and erythema in pig skin after injection of MSU crystals. entry of neutrophils and mononuclear cells into the tissues. 2012 FIG. Spontaneous resolution of the acute attack may also involve induction of specific intracellular anti-inflammatory pathways. ACTH has an anti-inflammatory effect on MSU-induced arthritis in the rat knee joint at a concentration that does not increase circulating corticosteroids. The MC3-R has been demonstrated in a murine model of MSU crystal-induced peritonitis.oxfordjournals. Products of the hypothalamic-pituitary axis may also influence the resolution of the acute gout attack. One such example is the induction of peroxisome proliferator-activated . confirming that this effect is not due to stimulation of adrenal corticosteroids. induced endothelial activation and promoted Downloaded from http://rheumatology. have been demonstrated in many experimental models. Similar coating has been demonstrated on MSU crystals in resolving air-pouch inflammation [60]. The anti-inflammatory properties of the melanocortins. displacement of proinflammatory IgG by apolipoproteins coating MSU crystals may contribute to resolution of the acute gout attack. Thus. and on macrophages isolated from rat knee joints.org/ at Ehime University Library on May 7. and IL-6. 1. Melanocortins. This antiinflammatory action is dependent on signalling through the MC3-R. Reproduced from Haskard and Landis [81] with permission from Biomed Central Ltd. demonstrating that as inflammation subsides MSU crystals become coated with apolipoprotein B. such as adrenocorticotrophic hormone 1-39 (ACTH1-39) and -melanocyte-stimulating hormone ( -MSH). The effects of melanocortin peptides occur through signalling via the five melanocortin receptors (MC-R). as the ACTH1-39 effect can be blocked by a selective MC3-R antagonist and can be reproduced by a MC3-R agonist [61. Kinetics of endothelial E-selectin expression. 62]. synovial fluid crystals from patients with acute gout. ACTH1-39 is also effective in adrenalectomized rats. Peroxisome proliferator-activated receptor .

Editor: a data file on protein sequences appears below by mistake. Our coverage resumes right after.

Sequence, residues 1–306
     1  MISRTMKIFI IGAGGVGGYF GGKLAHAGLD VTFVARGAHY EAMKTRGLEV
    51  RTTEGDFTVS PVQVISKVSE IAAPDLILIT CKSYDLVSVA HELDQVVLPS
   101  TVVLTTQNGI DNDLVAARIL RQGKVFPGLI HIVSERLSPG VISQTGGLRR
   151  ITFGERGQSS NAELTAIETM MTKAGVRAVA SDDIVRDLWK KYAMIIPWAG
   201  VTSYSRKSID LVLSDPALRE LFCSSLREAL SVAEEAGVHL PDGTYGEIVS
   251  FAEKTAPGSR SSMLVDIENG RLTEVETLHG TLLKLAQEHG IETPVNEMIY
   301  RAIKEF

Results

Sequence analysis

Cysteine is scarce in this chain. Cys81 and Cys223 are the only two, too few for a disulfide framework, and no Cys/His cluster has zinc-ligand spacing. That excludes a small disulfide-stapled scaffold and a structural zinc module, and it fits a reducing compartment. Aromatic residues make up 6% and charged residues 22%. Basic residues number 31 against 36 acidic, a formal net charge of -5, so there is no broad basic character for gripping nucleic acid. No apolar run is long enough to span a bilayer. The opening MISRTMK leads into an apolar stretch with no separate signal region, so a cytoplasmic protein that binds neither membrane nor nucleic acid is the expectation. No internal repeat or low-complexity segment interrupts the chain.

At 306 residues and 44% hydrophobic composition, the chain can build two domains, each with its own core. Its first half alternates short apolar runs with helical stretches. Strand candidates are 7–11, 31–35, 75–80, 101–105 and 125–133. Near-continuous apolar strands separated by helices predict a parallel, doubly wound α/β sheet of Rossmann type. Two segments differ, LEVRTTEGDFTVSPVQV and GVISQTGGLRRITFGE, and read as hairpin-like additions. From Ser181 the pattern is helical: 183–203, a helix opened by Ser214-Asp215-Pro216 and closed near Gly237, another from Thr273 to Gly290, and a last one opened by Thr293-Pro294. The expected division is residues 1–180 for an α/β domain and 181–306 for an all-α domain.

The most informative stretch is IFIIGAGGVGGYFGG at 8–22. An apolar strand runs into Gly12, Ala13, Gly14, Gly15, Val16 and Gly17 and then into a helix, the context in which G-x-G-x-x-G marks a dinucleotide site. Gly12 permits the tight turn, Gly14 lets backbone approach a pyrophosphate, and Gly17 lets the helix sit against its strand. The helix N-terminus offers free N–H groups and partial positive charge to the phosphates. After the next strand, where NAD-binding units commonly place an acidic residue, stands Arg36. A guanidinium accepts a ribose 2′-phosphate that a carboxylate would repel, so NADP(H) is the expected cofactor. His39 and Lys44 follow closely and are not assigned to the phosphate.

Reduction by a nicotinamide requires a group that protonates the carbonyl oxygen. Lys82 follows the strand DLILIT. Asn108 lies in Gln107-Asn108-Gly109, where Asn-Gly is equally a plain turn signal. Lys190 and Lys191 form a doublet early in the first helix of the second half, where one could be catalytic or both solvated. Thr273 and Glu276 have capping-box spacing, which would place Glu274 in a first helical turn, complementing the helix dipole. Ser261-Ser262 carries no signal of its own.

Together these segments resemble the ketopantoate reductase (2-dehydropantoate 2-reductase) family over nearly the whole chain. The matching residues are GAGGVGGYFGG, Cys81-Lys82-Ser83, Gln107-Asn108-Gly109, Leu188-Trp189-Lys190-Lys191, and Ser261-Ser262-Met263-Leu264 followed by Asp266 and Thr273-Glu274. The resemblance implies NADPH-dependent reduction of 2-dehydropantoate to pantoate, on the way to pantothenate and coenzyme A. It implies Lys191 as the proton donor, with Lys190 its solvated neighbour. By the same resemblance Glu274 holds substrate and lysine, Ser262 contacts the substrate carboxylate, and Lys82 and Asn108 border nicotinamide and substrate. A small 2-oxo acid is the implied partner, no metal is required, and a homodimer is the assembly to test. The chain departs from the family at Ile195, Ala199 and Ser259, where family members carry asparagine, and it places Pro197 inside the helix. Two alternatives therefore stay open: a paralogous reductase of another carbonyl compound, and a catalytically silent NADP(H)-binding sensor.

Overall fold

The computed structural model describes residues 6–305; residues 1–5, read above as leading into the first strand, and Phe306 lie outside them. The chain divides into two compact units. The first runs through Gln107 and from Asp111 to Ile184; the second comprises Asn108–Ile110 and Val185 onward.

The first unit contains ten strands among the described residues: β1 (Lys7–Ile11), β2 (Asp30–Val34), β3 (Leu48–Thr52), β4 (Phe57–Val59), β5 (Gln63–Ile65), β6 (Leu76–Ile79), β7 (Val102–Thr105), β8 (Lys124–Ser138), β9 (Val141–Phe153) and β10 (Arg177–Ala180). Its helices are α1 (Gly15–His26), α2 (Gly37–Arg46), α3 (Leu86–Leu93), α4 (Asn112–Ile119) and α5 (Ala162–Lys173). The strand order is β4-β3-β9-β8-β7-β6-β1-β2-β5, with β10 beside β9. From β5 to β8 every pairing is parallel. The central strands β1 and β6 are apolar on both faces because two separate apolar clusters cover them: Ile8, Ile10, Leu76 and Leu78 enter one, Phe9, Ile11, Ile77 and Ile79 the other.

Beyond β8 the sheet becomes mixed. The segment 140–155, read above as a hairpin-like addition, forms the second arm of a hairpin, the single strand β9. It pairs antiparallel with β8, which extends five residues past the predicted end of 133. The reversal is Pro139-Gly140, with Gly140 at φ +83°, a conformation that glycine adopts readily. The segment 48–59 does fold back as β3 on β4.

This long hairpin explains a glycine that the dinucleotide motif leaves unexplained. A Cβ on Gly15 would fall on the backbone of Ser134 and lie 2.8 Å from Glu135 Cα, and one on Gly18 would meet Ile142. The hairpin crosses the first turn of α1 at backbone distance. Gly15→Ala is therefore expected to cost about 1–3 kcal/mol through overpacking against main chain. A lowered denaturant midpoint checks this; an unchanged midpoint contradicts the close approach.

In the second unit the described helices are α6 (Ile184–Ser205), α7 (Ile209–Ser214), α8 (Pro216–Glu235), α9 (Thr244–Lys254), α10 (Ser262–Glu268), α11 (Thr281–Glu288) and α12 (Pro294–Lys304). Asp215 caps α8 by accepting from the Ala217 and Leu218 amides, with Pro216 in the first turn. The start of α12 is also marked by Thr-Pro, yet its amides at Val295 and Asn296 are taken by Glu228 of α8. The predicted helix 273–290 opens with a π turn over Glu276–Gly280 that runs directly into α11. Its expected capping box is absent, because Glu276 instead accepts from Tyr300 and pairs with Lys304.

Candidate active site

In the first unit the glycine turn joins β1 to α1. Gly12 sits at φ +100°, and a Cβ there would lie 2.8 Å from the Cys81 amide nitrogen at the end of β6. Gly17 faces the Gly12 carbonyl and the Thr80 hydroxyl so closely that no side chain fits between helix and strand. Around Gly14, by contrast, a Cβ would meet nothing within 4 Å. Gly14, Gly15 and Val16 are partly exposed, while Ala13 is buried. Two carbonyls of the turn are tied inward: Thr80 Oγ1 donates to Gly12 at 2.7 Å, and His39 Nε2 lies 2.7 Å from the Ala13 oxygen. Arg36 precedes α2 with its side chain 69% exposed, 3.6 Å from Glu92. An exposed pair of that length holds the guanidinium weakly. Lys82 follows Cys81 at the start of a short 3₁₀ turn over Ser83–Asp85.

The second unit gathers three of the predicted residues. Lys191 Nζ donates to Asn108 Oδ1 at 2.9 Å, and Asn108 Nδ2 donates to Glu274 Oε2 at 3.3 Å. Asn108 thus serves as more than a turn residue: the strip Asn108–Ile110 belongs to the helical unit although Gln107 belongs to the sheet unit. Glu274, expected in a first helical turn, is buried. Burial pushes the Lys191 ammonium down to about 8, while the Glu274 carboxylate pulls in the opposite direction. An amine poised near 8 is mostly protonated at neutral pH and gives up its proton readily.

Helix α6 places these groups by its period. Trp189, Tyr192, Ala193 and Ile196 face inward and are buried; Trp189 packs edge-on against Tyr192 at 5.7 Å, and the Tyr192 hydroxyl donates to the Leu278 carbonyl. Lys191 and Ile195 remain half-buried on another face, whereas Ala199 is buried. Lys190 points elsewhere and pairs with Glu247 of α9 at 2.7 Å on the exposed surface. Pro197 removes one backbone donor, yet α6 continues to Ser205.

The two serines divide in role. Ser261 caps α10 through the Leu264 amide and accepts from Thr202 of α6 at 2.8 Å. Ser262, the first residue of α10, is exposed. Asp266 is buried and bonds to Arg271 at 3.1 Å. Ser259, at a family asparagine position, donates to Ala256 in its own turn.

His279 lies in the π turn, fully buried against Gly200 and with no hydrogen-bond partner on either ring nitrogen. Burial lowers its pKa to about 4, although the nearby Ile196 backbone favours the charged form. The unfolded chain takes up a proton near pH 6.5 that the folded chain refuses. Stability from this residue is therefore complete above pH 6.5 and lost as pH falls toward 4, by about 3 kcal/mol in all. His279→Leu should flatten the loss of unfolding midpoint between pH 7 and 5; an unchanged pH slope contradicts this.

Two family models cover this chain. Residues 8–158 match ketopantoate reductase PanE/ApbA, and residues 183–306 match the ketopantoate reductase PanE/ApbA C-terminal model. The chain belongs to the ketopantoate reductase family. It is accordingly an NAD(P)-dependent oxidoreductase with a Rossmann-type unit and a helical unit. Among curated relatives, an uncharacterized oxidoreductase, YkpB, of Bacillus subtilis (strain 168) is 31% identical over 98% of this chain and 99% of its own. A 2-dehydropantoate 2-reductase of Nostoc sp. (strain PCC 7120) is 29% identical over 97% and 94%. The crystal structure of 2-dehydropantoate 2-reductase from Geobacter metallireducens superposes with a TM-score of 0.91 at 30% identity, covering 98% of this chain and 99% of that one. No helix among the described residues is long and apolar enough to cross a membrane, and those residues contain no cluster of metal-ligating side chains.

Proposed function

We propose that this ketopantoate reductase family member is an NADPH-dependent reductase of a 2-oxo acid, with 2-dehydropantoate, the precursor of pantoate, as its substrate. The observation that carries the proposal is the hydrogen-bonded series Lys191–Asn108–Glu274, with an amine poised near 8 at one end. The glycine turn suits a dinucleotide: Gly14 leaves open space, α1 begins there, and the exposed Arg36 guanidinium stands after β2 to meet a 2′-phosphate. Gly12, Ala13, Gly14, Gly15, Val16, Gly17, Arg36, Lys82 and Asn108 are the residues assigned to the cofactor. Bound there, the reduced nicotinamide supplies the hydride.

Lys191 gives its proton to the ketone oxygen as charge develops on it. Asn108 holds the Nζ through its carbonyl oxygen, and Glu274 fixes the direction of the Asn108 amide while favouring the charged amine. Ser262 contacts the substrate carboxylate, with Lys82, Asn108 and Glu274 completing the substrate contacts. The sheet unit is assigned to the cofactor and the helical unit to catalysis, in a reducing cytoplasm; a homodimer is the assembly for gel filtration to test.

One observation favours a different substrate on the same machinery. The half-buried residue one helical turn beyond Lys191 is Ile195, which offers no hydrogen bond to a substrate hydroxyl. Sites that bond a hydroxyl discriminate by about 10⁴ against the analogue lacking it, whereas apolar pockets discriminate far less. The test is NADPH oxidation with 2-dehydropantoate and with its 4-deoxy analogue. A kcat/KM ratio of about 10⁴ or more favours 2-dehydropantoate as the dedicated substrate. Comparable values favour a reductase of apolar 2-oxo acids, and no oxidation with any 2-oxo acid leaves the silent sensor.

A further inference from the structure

but zymosan-induced TNF- levels in macrophages were significantly inhibited by the addition of MSU crystals. or both stimuli together. Med. monocyte.01. TNF- secretion in undifferentiated monocytes was unaffected by co-mixing of stimuli. zym. FIG. [69] with permission from John Wiley & Sons.M.5 mg/ml).Mechanisms of inflammation in gout 1093 FIG. Human monocyte/ macrophage cultures were incubated with zymosan alone (0. Bars show the mean and S. Reproduced from Landis et al. medium. 3. MSU crystal induction of TNF- and TGF-. macrophage. Mo.E. Arthritis & Rheumatism ß Copyright 2002 the American College of Rheumatology. MSU crystals alone (0. zymosan. Inc. Suppression of zymosan-induced TNF- synthesis by co-incubation with MSU crystals.4 mg/ml). Mø. *P<0. 2.

Blister exudate cells were collected and pooled at the 16.1 in human skin blister leucocytes.and 40-h time points. Secretion of TNF- and TGF-. Cantharidin skin blisters were initiated by topical application of the vesicant cantharidin to the forearm of normal volunteers. corresponding to the acute and resolving phases respectively.

However. Reproduced from Yagnik et al.1 were measured following culture for 24 h in the presence and absence of MSU crystals (0. Values show the mean and S.oxfordjournals. macrophage inflammatory protein (MIP)-1 and MIP-1. Macrophage production of anti-inflammatory cytokines may contribute to resolution of the acute attack. 2012 neutrophil recruitment under shear flow.5 mg/ml). [71] with permission from John Wiley & Sons. this attenuated response to MSU crystals was particle-specific.org/ at Ehime University Library on May 7. zymosan stimulating macrophages to elicit a proinflammatory response. Downloaded from http://rheumatology. Inc. from three donors. Arthritis & Rheumatism ß Copyright 2004 the American College of Rheumatology. As with IC-21 cells. 2). Overexpression of IL-10 using retrovirally transfected IL-10 inhibits macrophage production of TNF- . Again. differentiation of monocytes into mature macrophages over 5 days led to the loss of the capacity to release proinflammatory cytokines capable of activating endothelial cell adhesion molecule expression.D. co-culture of MSU crystals with zymosan inhibited zymosan-induced TNF- production by differentiated macrophages but not immature monocytes (Fig.